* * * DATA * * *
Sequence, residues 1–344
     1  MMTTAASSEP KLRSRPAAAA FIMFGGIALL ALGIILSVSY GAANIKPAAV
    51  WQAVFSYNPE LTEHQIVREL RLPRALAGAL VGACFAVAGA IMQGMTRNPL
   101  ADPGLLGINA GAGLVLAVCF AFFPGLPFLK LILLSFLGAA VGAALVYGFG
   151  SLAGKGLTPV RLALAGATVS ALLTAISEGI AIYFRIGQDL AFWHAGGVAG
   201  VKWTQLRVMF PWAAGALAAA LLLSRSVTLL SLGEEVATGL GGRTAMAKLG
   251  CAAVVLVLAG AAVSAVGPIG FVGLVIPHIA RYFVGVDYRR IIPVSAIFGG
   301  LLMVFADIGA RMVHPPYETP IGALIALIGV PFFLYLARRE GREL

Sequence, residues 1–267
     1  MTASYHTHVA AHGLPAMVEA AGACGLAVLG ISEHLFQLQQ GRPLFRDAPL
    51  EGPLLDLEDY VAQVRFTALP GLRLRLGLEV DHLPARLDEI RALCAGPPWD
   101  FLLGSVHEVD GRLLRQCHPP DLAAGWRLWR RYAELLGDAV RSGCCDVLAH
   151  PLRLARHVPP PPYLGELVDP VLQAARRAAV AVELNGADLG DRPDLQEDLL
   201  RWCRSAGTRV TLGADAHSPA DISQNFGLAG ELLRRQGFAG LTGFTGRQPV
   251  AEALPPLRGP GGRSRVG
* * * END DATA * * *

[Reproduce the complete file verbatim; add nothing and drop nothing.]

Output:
Sequence, residues 1–344
     1  MMTTAASSEP KLRSRPAAAA FIMFGGIALL ALGIILSVSY GAANIKPAAV
    51  WQAVFSYNPE LTEHQIVREL RLPRALAGAL VGACFAVAGA IMQGMTRNPL
   101  ADPGLLGINA GAGLVLAVCF AFFPGLPFLK LILLSFLGAA VGAALVYGFG
   151  SLAGKGLTPV RLALAGATVS ALLTAISEGI AIYFRIGQDL AFWHAGGVAG
   201  VKWTQLRVMF PWAAGALAAA LLLSRSVTLL SLGEEVATGL GGRTAMAKLG
   251  CAAVVLVLAG AAVSAVGPIG FVGLVIPHIA RYFVGVDYRR IIPVSAIFGG
   301  LLMVFADIGA RMVHPPYETP IGALIALIGV PFFLYLARRE GREL

Sequence, residues 1–267
     1  MTASYHTHVA AHGLPAMVEA AGACGLAVLG ISEHLFQLQQ GRPLFRDAPL
    51  EGPLLDLEDY VAQVRFTALP GLRLRLGLEV DHLPARLDEI RALCAGPPWD
   101  FLLGSVHEVD GRLLRQCHPP DLAAGWRLWR RYAELLGDAV RSGCCDVLAH
   151  PLRLARHVPP PPYLGELVDP VLQAARRAAV AVELNGADLG DRPDLQEDLL
   201  RWCRSAGTRV TLGADAHSPA DISQNFGLAG ELLRRQGFAG LTGFTGRQPV
   251  AEALPPLRGP GGRSRVG